Who invented linguistics?

Preliminary remark

Here a summary overview of the development of linguistics is offered, the level and scope of a lesson appropriate to an introduction to linguistics. The Classics of Linguistics ’website is entirely devoted to the history of linguistics (at an advanced level).

At the center of linguistics is system linguistics, which is most typically represented in academic operations by general linguistics. That is why it is at the center of a history of linguistics. The branches of linguistics dealt with in Lessons 9-13 of this introduction are therefore only dealt with in passing here. In addition, with the exception of the first two sections, this presentation is limited to science.

The following is a synopsis of the stages into which the history of linguistics is divided below:

0.Invention of the alphabet (Phoenicians)13th century BC Ch.
1.Old Indian grammar500-300 BC Ch.
2.Ancient Greek and Latin grammar400 BC - 600 AD
3.Scholasticism, modism1200 - 1600
4.General grammar1650 - 1800
5.Philologies, polyglot collections, missionary grammars1750 -
6.Indo-European Studies1816 -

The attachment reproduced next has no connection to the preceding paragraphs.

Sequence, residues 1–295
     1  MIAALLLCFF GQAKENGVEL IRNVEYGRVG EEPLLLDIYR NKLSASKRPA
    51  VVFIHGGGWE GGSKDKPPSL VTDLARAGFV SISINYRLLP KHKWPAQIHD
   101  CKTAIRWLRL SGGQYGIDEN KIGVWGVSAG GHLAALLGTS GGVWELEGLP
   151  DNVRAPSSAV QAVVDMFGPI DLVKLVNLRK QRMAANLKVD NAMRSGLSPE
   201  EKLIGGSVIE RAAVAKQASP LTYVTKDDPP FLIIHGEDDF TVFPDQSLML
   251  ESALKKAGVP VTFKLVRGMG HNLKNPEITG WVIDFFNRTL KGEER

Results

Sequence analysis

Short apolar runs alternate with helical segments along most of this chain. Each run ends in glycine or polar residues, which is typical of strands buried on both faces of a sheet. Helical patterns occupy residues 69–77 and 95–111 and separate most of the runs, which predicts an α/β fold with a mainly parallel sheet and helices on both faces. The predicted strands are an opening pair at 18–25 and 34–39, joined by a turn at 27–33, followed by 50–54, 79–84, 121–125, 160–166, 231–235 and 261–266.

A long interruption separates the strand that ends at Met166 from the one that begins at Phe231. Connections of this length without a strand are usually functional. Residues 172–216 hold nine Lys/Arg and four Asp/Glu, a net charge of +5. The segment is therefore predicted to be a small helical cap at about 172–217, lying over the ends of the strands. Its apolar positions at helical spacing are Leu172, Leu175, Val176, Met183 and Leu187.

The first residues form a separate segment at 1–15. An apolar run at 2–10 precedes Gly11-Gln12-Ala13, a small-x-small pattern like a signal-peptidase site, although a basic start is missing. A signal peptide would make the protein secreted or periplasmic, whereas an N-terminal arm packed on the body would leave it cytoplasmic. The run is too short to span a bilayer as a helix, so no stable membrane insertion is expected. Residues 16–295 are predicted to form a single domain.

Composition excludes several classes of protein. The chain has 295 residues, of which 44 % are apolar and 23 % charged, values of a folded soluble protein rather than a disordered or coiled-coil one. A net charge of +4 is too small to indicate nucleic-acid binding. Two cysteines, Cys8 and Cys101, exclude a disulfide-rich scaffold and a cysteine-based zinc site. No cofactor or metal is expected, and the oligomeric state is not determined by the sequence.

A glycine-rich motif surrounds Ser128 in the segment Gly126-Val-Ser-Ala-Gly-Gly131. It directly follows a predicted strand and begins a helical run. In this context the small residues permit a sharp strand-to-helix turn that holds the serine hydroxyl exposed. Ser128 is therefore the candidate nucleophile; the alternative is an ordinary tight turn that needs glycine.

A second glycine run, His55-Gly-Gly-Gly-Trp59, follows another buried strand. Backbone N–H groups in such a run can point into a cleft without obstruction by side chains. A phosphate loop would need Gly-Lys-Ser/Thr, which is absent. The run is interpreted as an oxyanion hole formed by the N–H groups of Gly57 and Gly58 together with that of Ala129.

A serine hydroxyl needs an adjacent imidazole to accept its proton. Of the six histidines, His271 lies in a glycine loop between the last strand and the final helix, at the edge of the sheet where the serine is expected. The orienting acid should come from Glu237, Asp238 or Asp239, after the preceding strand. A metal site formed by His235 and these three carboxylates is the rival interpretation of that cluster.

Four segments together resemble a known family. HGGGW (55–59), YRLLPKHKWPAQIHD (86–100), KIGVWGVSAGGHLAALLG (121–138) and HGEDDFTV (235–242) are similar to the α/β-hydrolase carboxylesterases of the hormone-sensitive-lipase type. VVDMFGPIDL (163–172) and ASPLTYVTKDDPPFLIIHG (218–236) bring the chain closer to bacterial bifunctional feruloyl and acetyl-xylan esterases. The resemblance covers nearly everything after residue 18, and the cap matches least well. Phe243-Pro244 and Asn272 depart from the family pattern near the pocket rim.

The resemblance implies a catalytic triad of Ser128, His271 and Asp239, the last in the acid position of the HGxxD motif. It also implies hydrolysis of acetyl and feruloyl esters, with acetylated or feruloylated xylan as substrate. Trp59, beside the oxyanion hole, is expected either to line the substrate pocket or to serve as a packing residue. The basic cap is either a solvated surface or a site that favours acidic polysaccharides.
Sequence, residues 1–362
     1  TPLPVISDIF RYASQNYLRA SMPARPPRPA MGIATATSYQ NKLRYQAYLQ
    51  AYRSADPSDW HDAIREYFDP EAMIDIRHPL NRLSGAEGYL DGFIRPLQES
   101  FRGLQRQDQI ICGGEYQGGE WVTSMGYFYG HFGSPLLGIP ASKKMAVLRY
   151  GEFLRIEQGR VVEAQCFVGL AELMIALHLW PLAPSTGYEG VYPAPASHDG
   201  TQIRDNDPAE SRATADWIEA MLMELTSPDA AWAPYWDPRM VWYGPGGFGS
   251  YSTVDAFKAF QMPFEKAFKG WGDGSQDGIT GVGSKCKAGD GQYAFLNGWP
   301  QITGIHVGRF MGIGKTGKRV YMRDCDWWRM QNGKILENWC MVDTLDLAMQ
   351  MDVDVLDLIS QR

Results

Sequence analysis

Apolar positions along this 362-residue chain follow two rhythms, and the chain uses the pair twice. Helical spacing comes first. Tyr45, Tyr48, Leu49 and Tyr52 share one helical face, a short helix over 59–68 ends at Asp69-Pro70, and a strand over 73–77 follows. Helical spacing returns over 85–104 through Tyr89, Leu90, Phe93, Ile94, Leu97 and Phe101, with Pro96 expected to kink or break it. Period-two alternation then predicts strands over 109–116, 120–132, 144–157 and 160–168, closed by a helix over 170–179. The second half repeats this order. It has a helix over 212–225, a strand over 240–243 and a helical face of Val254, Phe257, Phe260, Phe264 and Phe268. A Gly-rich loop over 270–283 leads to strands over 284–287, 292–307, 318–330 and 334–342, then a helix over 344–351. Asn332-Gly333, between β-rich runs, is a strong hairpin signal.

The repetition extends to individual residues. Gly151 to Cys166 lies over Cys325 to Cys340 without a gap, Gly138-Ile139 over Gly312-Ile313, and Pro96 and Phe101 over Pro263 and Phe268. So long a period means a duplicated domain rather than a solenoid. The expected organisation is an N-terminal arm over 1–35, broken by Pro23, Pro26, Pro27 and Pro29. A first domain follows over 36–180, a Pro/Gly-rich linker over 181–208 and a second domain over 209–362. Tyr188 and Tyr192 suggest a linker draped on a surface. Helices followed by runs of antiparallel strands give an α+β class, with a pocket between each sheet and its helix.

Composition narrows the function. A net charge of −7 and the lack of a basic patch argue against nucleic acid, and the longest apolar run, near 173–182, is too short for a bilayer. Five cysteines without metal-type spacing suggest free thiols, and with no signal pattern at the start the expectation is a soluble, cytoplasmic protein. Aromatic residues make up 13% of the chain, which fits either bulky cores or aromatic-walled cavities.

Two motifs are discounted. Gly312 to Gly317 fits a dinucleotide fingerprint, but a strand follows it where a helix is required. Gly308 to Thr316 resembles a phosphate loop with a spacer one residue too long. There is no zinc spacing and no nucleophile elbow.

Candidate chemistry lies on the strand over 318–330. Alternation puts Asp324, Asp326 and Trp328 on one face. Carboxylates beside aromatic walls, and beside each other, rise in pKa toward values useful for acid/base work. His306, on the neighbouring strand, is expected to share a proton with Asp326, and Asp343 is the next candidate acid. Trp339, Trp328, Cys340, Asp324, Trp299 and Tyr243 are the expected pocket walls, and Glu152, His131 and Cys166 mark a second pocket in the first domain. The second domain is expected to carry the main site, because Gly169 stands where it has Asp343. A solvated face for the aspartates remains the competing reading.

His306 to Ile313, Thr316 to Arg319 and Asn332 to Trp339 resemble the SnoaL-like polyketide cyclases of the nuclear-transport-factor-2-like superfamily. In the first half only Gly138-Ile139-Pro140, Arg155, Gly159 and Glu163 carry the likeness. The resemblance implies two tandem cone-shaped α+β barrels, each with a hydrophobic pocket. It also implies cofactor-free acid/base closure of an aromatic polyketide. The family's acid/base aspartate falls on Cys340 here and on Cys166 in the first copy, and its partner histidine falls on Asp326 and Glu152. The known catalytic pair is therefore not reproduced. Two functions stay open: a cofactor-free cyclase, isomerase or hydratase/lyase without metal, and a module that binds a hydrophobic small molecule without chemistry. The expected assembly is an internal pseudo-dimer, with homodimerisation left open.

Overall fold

7.Traditional typology, Humboldtianism1808 - 1966
8.structuralism1916 -
9.Generative transformation grammar1957 -
10.Universals research and language typology1963 -

This classification, too, only picks out a few trends that have become important and makes no claim to scientific-historical dignity.

Writing systems that originated in historical times - e.g. the Korean Hangul - sometimes have an author and a date of origin. The inventors of writing systems on which the oldest surviving written monuments are based are, however, anonymous. It is probably not even individual linguists, but rather generations of members of a language community who have collectively developed the idea of ​​writing in a certain way.

In this sense, the invention of writing is an anonymous linguistic achievement. According to all that is known, it is thanks to the Sumerians who, between -3,500 and -3,000, developed a number of symbols that they used to mark traded and stored goods into one (namely their cuneiform script). Wherever writing was invented independently, i.e. without contact with an existing writing culture, it was invented as logography. Ultimately, all of the existing ones go back historically to a logography.